The holiday season is upon us, and whether you’re a fan or not of the festivities, it’s hard to deny that they can be stressful. A lot is going on, whether you’re hosting an event, traveling to visit family members far away, or just trying to keep up with all the holiday shopping and cooking. Luckily, there are ways you can manage your anxiety levels while still having fun.
Finding a way to disconnect
Take a break from social media! This can be a great way to keep up with what’s going on in your friends’ lives, but it can also become a source of stress. If you can’t get away from it all during the holidays, try changing your settings so that only certain people can message or post on your page. Or, consider taking an actual break from social media altogether by deleting the apps from your phone for a few days (or just making sure not to check them when many other things are going on).
It’s also important to take some time for yourself when anxiety is high. If it feels appropriate, take some time alone at home so that no one else needs anything from you and no obligations are weighing you down at every turn. You might even enjoy having some quiet time with yourself—it may help reduce tension and give all those positive emotions room to grow!
Recognize the triggers
One of the most critical steps in managing your anxiety is recognizing what triggers it. If you know what stresses you out, you can start developing coping mechanisms for managing those stressors.
For example, suppose your relationship with family members is causing stress and anxiety during the holidays. In that case, you must take the time to learn how to cope without resorting to self-medicating methods (like alcohol or drugs). It would be best to consider how your physical health affects your mental state. Are there any medical conditions that might be aggravated by stress? Perhaps now would be a good time for a checkup!
If possible, try keeping a journal where you write down situations that cause anxiety so that when they come up again later down the road. You won’t forget them—this will help prevent overreactions from happening again later.
Creating a routine
Control over what happens in your day and how it unfolds can help you feel more confident and secure. Creating a routine is an integral part of managing your anxiety.
First, it would be best to get enough sleep each night. If you’re not sleeping enough (or if you’re sleeping too much), this can cause anxiety or make it worse.
Second, eat healthy meals regularly throughout the day. You’ll be less likely to feel stressed out or overwhelmed if your body is getting all the fuel it needs from healthy food instead of snacks like junk food or soda pop! It also helps to drink water throughout the day so that your body stays hydrated; dehydration can cause headaches and other symptoms of stress on top of whatever else might be happening with your health right now!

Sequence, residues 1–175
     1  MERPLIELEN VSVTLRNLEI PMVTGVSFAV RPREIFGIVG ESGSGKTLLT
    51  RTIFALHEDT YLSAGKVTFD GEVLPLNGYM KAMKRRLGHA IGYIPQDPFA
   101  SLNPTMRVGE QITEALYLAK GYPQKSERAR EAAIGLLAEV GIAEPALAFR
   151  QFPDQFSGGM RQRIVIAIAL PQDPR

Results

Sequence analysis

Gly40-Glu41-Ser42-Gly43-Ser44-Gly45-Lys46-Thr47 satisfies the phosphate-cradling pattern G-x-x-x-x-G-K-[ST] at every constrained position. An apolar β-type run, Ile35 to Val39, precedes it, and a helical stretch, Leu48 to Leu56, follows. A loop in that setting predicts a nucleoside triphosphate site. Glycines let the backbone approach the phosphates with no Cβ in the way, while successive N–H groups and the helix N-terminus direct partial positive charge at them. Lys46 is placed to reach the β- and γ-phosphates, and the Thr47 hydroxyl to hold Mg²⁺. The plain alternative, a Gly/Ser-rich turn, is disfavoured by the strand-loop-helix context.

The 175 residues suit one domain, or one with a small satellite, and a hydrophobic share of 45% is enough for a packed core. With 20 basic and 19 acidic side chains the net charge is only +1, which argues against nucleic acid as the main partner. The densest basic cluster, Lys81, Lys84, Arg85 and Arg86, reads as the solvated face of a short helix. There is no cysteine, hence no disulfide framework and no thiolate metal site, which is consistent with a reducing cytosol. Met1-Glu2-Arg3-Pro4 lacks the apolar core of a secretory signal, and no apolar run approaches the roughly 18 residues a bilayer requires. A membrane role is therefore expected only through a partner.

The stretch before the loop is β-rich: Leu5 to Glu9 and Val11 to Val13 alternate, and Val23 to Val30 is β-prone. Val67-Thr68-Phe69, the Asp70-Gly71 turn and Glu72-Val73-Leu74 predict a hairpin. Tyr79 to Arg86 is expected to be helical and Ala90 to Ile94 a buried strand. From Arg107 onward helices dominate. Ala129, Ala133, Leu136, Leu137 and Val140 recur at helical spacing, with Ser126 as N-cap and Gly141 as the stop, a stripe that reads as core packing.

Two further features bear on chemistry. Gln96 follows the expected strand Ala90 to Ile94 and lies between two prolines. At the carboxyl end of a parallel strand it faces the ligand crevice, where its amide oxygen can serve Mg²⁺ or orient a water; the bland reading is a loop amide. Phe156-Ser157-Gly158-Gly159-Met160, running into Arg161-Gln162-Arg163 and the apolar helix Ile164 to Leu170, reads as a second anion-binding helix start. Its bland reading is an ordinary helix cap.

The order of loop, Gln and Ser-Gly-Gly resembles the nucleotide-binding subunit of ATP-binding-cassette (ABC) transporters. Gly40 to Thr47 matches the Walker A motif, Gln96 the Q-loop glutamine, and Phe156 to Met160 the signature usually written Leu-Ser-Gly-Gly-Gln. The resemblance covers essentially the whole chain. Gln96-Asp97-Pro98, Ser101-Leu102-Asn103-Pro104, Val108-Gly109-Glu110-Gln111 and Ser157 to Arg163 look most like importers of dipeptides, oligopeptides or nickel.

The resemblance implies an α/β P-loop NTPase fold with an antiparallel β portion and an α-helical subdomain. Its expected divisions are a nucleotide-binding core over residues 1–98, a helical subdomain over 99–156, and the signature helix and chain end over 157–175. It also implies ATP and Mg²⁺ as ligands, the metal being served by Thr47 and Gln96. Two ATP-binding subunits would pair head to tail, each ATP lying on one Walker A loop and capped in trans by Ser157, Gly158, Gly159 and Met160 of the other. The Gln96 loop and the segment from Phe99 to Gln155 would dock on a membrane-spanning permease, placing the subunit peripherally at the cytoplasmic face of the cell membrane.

And, exercise regularly by doing activities such as walking around outside in nature, playing sports with friends, riding bikes through nearby neighborhoods, and dancing at home alone with music blasting through headphones (make sure there’s no one else in earshot first, though), etc. These are all great ways to get moving while having fun simultaneously! You’ll probably notice how much better our bodies feel when we do these things regularly—not just physically but mentally too! They make us happier people overall.
Looking out for yourself
It’s important to know what you need. If that sounds like a vague and unhelpful piece of advice, it’s not meant to be. What I mean is this: if you usually don’t eat before going out for dinner, Still, your anxiety makes you want to avoid being in public places this time. Consider making an exception and having something small beforehand—don’t feel guilty about it! You’re taking care of yourself first here because that’s what self-care means. Your needs matter as much as anyone else’s—and they should be treated as such.
This principle also applies when dealing with others who may have expectations regarding how you behave during the holidays (or any other time). If someone expects or hopes that you will help at their house during the holiday season, for example, but this makes your anxiety worse than usual and puts too much pressure on you mentally or physically, then respectfully decline their offer by saying something like “Sorry! “I’m going through some stuff right now; I’d love to help out later, though!”
Set aside your expectations.
It’s common to feel anxious during the holidays, but it is essential to remember that your life is not just a competition. No points are given for the perfect Christmas tree or the most fantastic dinner party.
If you feel inadequate or stressed out by how things are going, reflect on your expectations before you begin. Did you expect everything to go perfectly? Did you expect everyone in your family would love your gift? Did you even know their interests before buying a present for them? We often don’t know what our loved ones want until they open our gifts; we can only guess based on past experiences and shared interests.
If someone does not react exactly as expected (for example, by being polite and thanking us for something), this does not mean that person does not care about us or appreciate our gestures of kindness—it just means we cannot predict how people will respond 100% of the time.
Hopefully, these tips will help you manage your anxiety during the holidays. Remember that it’s okay if things don’t go according to plan—it happens to everyone. And if the worst does happen, remember that you are not alone in your struggle and that many resources are available to help you find peace of mind during this stressful time of year.